Potocki Palace

Wherever you go in Lviv, you are inevitably astonished by its inimitable and varied architecture. However, the Potocki Palace, hiding behind open-worked forged fence on one of the streets that radiate from the main city artery, Svobody Avenue, stands out against the background of majestic ancient buildings, huddling in the downtown. Its elegant building, whose luxurious forms are reminiscent of French Renaissance castles, is rightly considered to be one of the most interesting and beautiful monuments of architecture in Lviv.

In the middle of the 19th century, a park with a small hunting homestead, owned by the noble Polish family Potocki, was located on the modern palace’s place. A legend states that Potocki family owned these lands since the 17th century. In 1860, the Count Alfred II Potocki ordered to pull down the mansion and to build big gala palace on its place. The palace was intended for solemn receptions and high-rank meetings. As long as the count was in fond of exquisite French architecture, he chose the project of the prominent architect from France and hired Polish architect Julian Tsibulsky to adapt and implement it. The customer wasn’t destined to see the palace; he had died before the construction was finished and his son continued to supervise the building process, afterwards.

In 1880, the luxurious palace that harmonically combined traits of baroque and classicism was raised. It was a three-storeyed building with high mansard roof and elegantly decorated facades. Monumental gates with two side wings separated building’s yard from the Kopernika Street. Given frequent receptions, special areas for carriages were equipped in the yard. The terrace, from which rounded stairs descended to the park, was located on the opposite side of the Potocki Palace.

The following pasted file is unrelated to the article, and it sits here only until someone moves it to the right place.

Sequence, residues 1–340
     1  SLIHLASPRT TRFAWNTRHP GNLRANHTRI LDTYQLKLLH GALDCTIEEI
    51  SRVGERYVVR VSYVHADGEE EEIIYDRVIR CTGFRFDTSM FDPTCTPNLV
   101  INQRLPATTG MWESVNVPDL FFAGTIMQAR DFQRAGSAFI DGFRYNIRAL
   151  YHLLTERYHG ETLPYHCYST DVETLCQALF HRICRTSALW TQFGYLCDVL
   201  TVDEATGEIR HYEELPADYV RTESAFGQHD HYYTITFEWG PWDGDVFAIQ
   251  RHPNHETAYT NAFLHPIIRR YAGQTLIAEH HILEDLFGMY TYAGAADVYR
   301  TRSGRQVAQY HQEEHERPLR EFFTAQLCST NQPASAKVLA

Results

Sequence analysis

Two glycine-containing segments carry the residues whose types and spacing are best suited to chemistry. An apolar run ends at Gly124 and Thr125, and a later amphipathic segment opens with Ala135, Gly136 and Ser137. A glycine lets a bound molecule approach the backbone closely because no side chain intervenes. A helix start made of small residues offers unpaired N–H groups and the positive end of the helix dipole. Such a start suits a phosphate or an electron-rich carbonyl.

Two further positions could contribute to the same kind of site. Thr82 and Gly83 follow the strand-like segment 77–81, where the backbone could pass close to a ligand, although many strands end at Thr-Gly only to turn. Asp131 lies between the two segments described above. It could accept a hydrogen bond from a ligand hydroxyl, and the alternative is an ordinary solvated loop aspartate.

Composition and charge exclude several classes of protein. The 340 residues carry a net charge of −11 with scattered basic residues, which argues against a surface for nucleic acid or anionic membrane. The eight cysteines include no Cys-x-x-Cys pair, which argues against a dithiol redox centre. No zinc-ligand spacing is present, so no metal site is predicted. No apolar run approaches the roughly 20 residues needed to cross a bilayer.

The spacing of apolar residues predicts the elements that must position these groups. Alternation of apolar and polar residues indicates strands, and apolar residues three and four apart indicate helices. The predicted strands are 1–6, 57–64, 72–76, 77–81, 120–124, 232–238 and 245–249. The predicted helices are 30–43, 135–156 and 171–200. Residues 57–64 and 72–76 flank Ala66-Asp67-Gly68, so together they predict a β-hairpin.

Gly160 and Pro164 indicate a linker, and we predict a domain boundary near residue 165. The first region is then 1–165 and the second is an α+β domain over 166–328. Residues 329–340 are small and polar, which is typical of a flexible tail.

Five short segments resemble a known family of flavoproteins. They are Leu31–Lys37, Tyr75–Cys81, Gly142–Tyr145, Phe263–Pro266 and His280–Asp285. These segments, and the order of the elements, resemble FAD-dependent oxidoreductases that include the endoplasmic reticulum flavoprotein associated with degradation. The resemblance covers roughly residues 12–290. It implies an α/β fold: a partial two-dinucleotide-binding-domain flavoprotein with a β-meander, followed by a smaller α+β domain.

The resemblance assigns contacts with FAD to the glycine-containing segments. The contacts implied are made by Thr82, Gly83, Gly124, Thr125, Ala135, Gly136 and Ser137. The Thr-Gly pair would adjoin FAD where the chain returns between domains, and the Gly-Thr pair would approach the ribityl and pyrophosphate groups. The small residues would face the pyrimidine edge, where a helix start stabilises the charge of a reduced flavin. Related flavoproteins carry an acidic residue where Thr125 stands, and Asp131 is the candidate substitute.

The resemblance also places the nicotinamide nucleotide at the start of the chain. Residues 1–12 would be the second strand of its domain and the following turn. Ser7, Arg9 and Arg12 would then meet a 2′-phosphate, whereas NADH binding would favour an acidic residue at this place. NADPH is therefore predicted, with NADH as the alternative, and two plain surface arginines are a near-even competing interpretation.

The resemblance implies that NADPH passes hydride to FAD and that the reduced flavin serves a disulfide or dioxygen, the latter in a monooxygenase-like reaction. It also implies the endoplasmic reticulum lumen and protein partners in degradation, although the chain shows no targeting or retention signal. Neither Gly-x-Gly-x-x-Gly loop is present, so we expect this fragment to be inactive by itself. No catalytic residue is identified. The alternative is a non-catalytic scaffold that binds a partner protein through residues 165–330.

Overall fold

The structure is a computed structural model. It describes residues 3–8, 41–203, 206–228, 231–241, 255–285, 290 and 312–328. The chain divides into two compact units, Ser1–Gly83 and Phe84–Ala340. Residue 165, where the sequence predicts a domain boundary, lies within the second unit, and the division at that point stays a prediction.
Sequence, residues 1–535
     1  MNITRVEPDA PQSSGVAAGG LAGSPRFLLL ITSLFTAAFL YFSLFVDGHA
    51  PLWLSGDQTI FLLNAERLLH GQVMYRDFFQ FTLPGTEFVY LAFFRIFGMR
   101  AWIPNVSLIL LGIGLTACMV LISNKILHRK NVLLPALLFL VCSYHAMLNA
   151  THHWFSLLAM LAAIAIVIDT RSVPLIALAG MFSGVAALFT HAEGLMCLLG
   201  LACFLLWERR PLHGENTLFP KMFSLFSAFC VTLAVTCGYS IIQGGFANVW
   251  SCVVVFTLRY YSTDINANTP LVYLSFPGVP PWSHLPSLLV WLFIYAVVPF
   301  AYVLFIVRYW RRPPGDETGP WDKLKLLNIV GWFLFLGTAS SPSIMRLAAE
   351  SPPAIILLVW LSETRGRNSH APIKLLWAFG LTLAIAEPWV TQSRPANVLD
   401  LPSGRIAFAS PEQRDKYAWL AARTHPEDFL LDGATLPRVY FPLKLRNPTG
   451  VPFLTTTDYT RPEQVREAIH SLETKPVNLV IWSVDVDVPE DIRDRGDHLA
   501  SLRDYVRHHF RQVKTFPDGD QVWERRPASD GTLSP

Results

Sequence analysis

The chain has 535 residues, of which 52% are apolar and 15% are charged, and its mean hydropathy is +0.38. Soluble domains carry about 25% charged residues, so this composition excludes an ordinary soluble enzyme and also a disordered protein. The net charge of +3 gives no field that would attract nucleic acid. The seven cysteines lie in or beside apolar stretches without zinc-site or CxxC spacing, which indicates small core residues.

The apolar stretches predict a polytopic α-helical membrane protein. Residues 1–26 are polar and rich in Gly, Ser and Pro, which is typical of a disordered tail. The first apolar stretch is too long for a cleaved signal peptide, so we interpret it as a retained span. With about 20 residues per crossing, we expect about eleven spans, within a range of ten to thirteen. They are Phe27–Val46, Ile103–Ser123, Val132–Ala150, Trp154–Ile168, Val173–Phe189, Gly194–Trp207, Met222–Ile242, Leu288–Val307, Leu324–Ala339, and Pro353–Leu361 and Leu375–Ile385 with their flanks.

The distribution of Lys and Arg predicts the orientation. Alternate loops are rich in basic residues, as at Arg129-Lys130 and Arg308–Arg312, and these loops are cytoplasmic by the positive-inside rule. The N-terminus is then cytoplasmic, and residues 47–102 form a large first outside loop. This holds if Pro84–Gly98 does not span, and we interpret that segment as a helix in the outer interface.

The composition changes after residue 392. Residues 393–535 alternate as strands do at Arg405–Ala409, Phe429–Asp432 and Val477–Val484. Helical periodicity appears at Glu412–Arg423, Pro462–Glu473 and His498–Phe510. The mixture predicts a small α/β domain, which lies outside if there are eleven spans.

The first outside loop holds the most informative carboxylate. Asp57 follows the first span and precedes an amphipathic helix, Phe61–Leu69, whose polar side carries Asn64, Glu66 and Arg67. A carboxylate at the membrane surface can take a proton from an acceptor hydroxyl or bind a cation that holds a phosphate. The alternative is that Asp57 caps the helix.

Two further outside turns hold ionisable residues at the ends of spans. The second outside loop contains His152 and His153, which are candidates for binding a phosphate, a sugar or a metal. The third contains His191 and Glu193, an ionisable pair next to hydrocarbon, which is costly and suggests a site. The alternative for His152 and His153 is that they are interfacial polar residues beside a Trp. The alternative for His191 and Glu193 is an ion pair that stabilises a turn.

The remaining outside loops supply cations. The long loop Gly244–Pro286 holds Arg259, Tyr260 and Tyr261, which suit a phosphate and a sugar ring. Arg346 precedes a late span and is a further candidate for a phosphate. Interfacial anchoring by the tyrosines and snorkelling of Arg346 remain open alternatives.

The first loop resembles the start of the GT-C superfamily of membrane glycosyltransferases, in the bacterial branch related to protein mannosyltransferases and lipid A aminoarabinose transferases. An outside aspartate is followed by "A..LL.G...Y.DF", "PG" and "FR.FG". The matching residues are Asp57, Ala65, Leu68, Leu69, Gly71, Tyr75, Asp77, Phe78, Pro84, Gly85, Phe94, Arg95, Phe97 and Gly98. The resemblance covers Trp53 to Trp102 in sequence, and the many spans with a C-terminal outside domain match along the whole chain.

Palace’s interior was as exquisite as its exterior. It was designed in the style of the French King Lui XVI. The ground floor was occupied by several gala halls, each of which was individually designed and conformed to its name: the Red or the Dancing Hall, the Blue Hall and the Mirror Hall. All of them were decorated with stucco work, gilt and colored marble. The walls were draped with silk of corresponding color and adorned with paintings by famous European masters. Fretted marble fireplaces were covered with gilded bronze. Potocki Palace’s rooms were furnished with gorgeous furniture from fine woods.

All this richness and splendor has survived until now almost unchanged. The palace underwent large scale renovation only once, when, in 1919, the military plane accidently caught on it during unfortunate maneuver and provoked fire on the upper floors. The restoration took several years. After the World War II, the Potocki Palace hosted various institutions, and up to the early 2000s the Wedding Palace was situated here.

Today, the historical building’s premises are occupied by the European Art Museum, which is a chapter of the Lviv Picture Gallery. Its halls house expositions of antique interiors and European painting, dated to the 14th – 18th centuries. The Park of Fortifications in Miniature was recently opened in the Potocki Palace’s yard.

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